Day 33: Gone Girl

Apparently this has unwittingly turned into a movie-watching exercise this week. WARNING: Obviously, spoilers will abound.

Even though reading the book made me want to repeatedly punch things, I still watched the movie. I already had a copy of it, so what the hell? I wanted to see how they compared. I don’t know about anyone else, but I thought the movie was VASTLY better than the book. It came off so much better in almost every way.

The long, tedious chapters detailing their marital squabbles are condensed into a couple of short scenes. Win. Nick is played a lot more ambiguously and effectively in the movie than he is written in the book; reading from his point of view you get so much insight into his trains of thought – too much insight – and there’s a veneer of forced shadiness over everything he says. The author wants you to suspect Nick so she can shock you with the big twist, thus she has him say a required amount of suspicious things in his own internal monologue/narration, basically everything short of a giant neon sign stating “THIS GUY SOUNDS PRETTY DODGY”. It’s just all a bit too on the nose. Whereas in contrast, watching the film all you get by way of insight is seeing Nick’s reactions to events as they unfold. Taking cues from Nick’s slightly blase attitude, his surreptitious glances, and from the mounting pile of clues and inconsistencies with the case…that is a much more nuanced and believable way of creating suspicion than reading something that sounds like “Oops I just lied to the police again! Hope nobody suspects me LOL!” I feel like, had I watched the movie before reading the book, I would have grown to suspect Nick naturally before being swerved by the swerve. Reading the book, Nick appeared so guilty from the outset that it was immediately apparent that he didn’t do it, and I moved on from suspecting him to wondering what did actually happen.

That’s the main thing that kept me turning the pages over. I found the commentary on marriage tedious, but the mystery of Amy’s disappearance itself was interesting enough to where I was dying to know what happened. The twist itself is beautifully executed both in the book and on film. So much so that I can almost forgive all of the issues I had with the story from that point forward. Almost. She set it all up, and then at the perfect moment BAM, dropped the bomb. Shock and awe. I think my favourite part of the book was reading the first parts of Amy’s story, seeing exactly how she pulled off such a caper. Like I said, finding that out was my main motivation to keep reading, and it delivered in spades. If the story had ended with a bang soon after that, I’d have raved about it.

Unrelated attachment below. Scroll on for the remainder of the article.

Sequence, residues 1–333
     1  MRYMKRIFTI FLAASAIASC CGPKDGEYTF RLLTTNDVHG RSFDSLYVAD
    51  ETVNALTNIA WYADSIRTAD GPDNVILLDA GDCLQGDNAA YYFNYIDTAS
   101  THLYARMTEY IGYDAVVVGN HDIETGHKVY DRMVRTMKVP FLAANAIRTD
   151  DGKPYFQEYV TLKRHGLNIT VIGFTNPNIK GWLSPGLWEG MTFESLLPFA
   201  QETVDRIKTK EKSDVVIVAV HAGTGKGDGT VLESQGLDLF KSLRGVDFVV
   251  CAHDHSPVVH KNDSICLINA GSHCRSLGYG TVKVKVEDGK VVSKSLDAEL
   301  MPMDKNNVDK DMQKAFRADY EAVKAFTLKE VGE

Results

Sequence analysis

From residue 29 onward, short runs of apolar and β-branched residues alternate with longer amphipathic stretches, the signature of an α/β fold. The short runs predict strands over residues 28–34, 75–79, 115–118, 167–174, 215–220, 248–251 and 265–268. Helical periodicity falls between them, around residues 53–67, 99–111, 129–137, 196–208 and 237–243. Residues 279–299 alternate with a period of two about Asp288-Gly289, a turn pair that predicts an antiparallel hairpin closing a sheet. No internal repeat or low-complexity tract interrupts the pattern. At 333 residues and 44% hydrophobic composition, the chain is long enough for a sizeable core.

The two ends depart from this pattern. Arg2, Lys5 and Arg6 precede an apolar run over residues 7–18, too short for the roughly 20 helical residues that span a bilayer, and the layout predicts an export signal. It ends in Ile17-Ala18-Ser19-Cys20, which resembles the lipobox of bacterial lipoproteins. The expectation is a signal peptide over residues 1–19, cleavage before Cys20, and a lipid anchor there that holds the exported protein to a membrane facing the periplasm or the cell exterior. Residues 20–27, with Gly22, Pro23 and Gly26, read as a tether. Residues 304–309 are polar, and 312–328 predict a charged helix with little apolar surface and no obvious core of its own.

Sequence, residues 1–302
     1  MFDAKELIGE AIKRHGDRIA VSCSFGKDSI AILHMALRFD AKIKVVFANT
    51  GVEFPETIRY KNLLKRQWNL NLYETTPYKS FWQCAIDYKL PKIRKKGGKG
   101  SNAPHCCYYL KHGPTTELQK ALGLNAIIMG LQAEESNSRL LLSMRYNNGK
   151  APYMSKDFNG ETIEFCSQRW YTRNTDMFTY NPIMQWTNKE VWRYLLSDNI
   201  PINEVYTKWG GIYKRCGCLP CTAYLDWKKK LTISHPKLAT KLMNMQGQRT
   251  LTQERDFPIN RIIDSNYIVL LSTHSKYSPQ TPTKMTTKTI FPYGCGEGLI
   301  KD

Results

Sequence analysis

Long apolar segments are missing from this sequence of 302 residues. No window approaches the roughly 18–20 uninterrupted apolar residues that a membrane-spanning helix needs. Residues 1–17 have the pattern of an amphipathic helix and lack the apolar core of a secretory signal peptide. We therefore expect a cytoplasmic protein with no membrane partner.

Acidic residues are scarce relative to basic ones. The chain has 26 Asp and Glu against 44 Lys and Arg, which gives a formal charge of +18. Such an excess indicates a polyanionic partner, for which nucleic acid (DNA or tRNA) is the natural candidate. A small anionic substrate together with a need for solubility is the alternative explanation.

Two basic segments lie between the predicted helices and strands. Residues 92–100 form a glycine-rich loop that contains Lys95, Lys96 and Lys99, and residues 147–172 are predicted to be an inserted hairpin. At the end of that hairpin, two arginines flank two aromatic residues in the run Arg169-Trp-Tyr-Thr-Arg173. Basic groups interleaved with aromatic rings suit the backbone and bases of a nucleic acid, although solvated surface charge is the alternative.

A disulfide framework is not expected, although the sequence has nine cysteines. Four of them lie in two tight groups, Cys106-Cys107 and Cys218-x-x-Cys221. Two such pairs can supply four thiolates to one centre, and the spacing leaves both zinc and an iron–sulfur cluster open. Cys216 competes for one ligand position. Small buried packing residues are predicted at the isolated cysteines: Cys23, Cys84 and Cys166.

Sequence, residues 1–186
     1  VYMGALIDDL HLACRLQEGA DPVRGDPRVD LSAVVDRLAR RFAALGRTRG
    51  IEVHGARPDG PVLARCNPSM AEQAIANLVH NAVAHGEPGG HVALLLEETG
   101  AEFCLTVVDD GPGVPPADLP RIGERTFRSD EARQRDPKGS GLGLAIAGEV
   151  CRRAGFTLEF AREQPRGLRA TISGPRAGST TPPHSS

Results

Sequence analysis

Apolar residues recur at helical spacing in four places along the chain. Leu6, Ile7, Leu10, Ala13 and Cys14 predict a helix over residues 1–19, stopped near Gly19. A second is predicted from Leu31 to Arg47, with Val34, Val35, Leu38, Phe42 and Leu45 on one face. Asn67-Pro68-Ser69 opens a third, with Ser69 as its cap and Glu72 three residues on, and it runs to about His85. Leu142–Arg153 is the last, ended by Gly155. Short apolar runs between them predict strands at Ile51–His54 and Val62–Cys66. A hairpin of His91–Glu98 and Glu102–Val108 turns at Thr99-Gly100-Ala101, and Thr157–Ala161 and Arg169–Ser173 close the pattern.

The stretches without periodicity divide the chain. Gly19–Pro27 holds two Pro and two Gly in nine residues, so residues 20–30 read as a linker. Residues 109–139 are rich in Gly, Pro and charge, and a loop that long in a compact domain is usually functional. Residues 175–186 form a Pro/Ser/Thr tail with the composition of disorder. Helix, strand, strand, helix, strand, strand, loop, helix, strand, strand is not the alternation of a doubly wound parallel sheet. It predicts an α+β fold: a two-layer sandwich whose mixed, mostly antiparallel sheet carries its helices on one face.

But alas, there was still another 200 odd pages to go. I found the second half of the book to be quite unnecessary and it made me increasingly unsatisfied as I read on. I thought her ultimate goal of suicide was an incredibly poignant topper to her lifelong tale of woe, and I wasn’t happy to see it tossed aside just because, well, there would be no villain for the rest of the piece (now that I think about it, if it had ended at the point where she was going to kill herself and she’d have followed through, that would have been awesome. Wow, that is a hell of a cheery sentence right there.). Then we spend so many pages following the trials and tribulations of this complete fucking psychopath as she tries desperately to…what exactly? We spend so many pages following Nick on his mission to track down his insanely psychotic wife so that…he can kill her for realsies? I no longer care about either of you getting whatever it is that you want. She kills another dude because she can and gets away with it, in fact gets away with the whole thing because…wait because why exactly? I guess because that whole “I will never be my father!” psychoanalysis had to have a point somewhere. And we end up with nothing even close to being resolved, just a laughably absurd truce, and the whole thing just reverts back to being an allegory of marriage and “Hey aren’t human beings just super fucked up?” Urgh. I don’t have a problem with unsatisfying endings on principle (I am pro-Sopranos finale, amongst other things) but this one wasn’t unsatisfying in a way that makes you think about it, that makes you marvel at the comment it makes, that makes you feel things. This was just unsatisfying in a way that made me regret spending so much time reading the damn book when I could have got some ironing done.

Argh. Rant over. I will state again that I thought the film was a lot better than the book. It left a lot more to the imagination, it came off more coherently as a story, and it was also a very well made and well acted film. Maybe it should have just been a screenplay all along (maybe with someone swooping in and lopping the final act clean off…). I didn’t feel like I wasted my time watching it, even after I was left so frustrated by the novel just days earlier. So kudos to the people who made the film – including Gillian Flynn. You turned me right around there.

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